George Hubert Wilkins, a famous Australian polar explorer and one of Hearst’s correspondents on the Graf Zeppelin, collected photographs and memorabilia related to the flight. Over two hundred of these images were recently acquired by The Ohio State University’s Polar Archives in 2015 and join the larger Wilkins Collection held by the repository. These images range include mass-printed German postcards; images of life aboard the airship; photos of the Graf Zeppelin in flight or in a hangar; as well as photos of crowds cheering and celebrations.
Wilkins himself is not featured in many images. He is seen in only a few formal photographs, as well as several that depict him dining with Captain Eckener and his fellow correspondents. The exception is a fabulous photo in which Wilkins is examining a book of photographs in the dining area, with a small dog (one which greatly resembles an early Boston terrier) in his lap.
Such depictions of life aboard the ship are numerous among the collection and cover everything from work to play. There are images of one crew member rather smugly playing the piano accordion; the radio operator Fruend precariously hanging out a window with a dangling wire; Chef Manz cooking; Commander Eckener solemnly monitoring everything on the control room; and Lady Drummond Hay happily climbing one of the gondolas while the ship was in flight.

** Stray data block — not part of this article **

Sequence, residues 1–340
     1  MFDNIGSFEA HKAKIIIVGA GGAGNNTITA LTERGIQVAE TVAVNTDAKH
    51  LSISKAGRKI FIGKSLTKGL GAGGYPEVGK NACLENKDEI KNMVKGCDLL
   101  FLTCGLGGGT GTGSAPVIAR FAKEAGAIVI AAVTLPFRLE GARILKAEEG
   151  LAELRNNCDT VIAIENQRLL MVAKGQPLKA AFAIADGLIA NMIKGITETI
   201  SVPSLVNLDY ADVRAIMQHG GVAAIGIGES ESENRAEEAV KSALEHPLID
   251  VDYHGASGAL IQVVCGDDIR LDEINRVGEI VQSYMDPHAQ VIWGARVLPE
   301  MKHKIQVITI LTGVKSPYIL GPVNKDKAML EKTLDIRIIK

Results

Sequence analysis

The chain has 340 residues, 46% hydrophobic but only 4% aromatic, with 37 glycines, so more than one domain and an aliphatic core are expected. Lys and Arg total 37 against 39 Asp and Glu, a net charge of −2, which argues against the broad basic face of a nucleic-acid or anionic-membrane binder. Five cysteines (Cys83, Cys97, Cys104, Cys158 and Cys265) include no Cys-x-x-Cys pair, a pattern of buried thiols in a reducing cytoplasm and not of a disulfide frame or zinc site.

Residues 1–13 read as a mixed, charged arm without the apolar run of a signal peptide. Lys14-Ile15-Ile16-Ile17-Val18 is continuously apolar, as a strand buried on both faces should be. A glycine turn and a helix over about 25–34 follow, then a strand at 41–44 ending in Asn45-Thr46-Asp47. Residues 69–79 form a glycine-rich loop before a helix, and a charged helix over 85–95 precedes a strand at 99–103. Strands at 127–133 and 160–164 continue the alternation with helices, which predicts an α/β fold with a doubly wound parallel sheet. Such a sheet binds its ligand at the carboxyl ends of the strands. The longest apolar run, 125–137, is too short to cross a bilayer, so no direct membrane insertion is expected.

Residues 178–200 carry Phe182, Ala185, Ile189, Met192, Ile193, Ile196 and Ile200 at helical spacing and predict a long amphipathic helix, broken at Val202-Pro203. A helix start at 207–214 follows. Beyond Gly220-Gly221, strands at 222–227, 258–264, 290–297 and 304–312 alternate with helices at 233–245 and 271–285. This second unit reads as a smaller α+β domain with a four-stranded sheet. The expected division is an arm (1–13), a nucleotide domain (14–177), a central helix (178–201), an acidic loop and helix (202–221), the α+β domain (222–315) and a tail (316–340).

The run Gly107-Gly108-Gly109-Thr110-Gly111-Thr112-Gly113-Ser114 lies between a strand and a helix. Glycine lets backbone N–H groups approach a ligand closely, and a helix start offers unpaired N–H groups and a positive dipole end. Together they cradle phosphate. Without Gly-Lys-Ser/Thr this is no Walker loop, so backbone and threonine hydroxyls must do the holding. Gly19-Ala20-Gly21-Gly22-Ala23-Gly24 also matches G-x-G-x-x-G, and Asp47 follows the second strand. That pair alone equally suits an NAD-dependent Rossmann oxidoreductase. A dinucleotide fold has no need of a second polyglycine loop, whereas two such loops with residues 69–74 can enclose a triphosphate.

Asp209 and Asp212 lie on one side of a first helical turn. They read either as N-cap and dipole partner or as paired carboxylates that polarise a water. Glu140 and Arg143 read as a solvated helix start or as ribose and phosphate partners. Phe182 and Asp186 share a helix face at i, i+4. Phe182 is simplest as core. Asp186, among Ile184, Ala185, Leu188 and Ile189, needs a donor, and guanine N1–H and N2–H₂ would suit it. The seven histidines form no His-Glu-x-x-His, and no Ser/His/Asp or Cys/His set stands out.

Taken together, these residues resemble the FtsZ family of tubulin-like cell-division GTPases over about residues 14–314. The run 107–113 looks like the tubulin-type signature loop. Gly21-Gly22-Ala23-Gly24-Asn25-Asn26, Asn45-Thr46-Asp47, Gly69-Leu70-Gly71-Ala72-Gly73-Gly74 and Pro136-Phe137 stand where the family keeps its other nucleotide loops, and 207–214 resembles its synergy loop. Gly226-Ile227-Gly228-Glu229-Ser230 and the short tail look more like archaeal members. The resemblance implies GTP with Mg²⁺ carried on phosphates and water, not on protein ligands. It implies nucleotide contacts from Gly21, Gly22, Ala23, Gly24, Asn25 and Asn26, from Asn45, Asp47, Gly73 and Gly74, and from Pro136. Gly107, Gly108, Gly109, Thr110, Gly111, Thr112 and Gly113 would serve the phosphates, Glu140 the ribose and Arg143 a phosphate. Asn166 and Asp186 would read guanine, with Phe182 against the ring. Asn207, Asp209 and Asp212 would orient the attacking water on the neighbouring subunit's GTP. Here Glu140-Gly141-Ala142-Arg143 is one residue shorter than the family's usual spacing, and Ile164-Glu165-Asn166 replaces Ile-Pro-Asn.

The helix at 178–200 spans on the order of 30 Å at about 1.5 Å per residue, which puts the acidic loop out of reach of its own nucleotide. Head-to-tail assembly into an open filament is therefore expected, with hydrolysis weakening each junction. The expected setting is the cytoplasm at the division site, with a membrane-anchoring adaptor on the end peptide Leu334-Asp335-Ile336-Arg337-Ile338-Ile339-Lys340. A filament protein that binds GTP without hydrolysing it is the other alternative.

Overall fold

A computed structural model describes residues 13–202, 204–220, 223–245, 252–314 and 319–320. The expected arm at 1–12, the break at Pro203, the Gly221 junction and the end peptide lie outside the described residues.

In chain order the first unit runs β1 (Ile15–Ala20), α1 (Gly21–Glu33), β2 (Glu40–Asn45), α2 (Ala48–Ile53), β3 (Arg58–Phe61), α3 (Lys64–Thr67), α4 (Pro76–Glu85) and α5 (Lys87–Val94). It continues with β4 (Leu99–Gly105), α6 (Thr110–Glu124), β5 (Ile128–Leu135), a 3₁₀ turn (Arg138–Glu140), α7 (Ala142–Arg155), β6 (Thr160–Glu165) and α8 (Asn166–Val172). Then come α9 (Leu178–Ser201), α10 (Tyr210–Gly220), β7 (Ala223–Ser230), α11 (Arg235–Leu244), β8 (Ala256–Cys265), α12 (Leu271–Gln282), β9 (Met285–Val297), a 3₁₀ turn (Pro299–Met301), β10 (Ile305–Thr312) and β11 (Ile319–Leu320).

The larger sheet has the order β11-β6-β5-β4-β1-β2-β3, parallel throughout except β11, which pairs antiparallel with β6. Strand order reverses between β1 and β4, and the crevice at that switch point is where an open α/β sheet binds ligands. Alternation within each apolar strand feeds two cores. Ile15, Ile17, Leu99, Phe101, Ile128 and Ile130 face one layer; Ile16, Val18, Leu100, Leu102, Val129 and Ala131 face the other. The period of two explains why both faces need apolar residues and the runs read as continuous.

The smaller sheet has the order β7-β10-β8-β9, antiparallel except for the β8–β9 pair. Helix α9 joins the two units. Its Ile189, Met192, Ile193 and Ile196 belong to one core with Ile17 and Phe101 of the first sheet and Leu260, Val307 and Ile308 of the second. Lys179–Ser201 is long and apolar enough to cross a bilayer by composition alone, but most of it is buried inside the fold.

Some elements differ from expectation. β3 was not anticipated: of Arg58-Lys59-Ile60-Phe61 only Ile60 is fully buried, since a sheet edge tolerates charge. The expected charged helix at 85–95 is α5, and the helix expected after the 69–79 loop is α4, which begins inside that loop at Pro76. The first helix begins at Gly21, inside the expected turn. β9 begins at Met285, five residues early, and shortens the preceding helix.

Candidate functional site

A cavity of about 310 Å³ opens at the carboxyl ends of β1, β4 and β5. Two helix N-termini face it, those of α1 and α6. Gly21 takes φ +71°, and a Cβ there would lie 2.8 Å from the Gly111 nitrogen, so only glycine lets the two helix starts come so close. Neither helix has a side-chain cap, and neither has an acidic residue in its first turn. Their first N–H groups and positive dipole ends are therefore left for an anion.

Other images show the world in relation to the massive form of the Graf Zeppelin. Several images depict the Graf Zeppelin landing or taking off, surrounded by small white smudges that only vaguely look like people. Another photograph, apparently taken from the Graf Zeppelin itself, shows the Zeppelin’s shadow, which looks rather like a large missile, over a field. Even from the air, the Zeppelin’s shadow is several times larger than the houses and barns on the ground. Some photos display the huge impact of the Graf Zeppelin’s flight, even without the Graf Zeppelin being the subject of the image. One such photo displays two long rows of U.S. sailors feasting after aiding in the landing and departure of the Graf Zeppelin. Another shows Japanese florists preparing flowers for those visiting the Graf Zeppelin while it was moored in Tokyo.
Finally, the collection has printed memorabilia that Wilkins gathered, mostly postcards and tiny printed cards. These seem to be German in origin, given that all are captioned in German, and display wonderful drawings of the Graf Zeppelin’s plans or of the luxurious cabins and dining areas inside. One tiny image shows the Graf Zeppelin when its frame is only half formed, extending out toward the viewer in a spiral fashion, while unattached parts mimic its swirls on the ground.
For more information about Sir George Hubert Wilkins, please visit the Polar Archives website: https://go.osu.edu/polararchives.
[i] Nasht, Simon. 2005. The last explorer: Hubert Wilkins : Australia’s unknown hero. Sydney: Hodder Australia.pg, 195
[ii] These gorillas inspired one of the passengers, Merian Cooper, to create the movie King Kong.